Chinook to Orcas Pt 2
BARON ... "...and that is because Killer Whales in the other areas, which by the way also doubled in numbers in that same period, Killer Whales eat Harbor Seals except for the resident pods around the San Juan Islands. They're finicky eaters I guess and they only want adult Chinook salmon."
The problem is, Baron says since the Marine Mammal Act of 1972, the Harbor Seals population in the Salish Sea has grown over 900 percent, from 86-hundred to nearly 78-thousand ...
BARON ... "And the recovery story is wonderful, but what they didn't really count on, the unintended consequence, is in a particular area where there isn't a natural predator for the Harbor Seals, that they would just explode and end up really upsetting the whole balance that there should be."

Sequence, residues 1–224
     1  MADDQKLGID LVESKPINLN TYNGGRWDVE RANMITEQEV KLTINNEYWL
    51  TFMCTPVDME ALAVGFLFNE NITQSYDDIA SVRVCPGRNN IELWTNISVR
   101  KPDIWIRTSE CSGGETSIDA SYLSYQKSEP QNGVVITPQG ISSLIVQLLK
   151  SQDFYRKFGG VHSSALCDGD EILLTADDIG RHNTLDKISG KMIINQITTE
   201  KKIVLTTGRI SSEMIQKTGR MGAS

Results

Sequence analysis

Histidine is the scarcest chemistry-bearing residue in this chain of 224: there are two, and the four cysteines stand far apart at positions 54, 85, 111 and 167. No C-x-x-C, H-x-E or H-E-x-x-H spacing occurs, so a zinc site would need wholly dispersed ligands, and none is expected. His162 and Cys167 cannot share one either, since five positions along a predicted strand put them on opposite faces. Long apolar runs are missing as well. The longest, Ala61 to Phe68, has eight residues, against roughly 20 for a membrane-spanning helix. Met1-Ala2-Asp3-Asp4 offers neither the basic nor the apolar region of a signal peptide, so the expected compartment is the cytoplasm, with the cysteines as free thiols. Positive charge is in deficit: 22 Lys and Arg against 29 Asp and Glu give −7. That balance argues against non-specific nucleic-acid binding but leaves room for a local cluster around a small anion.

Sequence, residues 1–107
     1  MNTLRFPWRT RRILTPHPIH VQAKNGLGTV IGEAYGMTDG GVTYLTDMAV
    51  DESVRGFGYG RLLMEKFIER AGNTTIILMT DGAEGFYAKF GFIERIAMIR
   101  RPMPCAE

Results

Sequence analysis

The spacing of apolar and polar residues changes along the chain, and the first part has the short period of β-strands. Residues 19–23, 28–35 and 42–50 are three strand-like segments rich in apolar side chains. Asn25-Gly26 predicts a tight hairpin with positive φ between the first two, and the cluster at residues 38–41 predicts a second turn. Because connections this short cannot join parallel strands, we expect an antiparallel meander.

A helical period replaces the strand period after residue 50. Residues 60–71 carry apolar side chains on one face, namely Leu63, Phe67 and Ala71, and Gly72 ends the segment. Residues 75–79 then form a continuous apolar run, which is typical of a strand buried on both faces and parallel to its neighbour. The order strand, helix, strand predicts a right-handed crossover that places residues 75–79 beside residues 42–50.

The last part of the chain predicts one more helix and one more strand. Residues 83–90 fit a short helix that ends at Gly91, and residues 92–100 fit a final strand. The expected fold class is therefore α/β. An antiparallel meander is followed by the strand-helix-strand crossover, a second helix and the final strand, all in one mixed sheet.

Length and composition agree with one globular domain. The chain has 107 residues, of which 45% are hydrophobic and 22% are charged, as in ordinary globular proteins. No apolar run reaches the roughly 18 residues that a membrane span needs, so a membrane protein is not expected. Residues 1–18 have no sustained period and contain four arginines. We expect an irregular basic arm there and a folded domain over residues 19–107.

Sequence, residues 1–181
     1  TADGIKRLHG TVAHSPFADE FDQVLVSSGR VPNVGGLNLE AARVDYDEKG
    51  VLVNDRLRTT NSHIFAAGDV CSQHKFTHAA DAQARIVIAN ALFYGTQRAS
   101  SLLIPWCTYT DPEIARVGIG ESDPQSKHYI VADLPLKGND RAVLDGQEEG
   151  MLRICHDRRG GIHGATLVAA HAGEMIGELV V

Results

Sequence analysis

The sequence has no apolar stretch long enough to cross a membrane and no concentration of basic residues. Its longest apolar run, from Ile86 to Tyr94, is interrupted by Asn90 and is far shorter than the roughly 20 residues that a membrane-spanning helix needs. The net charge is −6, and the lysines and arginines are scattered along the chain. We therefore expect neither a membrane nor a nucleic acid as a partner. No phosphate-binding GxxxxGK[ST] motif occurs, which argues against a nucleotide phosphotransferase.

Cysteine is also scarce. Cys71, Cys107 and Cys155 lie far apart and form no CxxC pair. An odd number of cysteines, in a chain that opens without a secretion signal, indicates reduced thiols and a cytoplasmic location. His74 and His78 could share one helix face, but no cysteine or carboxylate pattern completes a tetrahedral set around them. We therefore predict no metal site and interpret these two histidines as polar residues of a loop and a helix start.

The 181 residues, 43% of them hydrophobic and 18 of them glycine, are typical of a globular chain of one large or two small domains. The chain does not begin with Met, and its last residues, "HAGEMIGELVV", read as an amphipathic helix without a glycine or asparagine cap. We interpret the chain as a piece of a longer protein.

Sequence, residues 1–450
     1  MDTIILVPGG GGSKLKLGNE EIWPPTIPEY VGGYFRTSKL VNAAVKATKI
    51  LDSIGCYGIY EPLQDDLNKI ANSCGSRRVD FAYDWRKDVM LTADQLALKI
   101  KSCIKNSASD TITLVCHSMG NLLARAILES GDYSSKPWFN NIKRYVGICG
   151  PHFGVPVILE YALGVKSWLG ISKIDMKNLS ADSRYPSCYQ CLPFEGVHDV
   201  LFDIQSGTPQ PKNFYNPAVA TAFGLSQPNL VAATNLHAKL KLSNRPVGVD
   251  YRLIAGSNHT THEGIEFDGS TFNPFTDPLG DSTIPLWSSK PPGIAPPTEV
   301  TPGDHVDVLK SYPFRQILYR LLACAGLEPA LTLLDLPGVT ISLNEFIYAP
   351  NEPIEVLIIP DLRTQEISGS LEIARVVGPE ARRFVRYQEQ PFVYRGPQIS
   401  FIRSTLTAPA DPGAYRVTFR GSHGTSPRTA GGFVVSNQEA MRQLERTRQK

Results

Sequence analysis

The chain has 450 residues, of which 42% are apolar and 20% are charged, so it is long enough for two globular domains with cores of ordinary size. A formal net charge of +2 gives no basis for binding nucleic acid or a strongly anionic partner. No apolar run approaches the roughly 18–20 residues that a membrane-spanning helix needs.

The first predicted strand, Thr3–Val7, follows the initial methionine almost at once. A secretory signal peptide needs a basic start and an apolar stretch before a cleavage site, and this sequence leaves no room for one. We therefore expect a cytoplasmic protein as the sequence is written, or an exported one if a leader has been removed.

Baron says the Harbor Seals eat much of the smolts, the baby Chinooks which then don't turn into the adult salmon the Orcas eat ...
BARON ... "Unless there is some adjustment made to that so that the numbers of Harbor Seals can be reduced, we're going to continue seeing Chinook decline and no further investments in habitat or in stream flows or anything like that are going to help solve the problem."
Tune in tomorrow to hear about the solution Save Family Farming has for the Chinook recovery.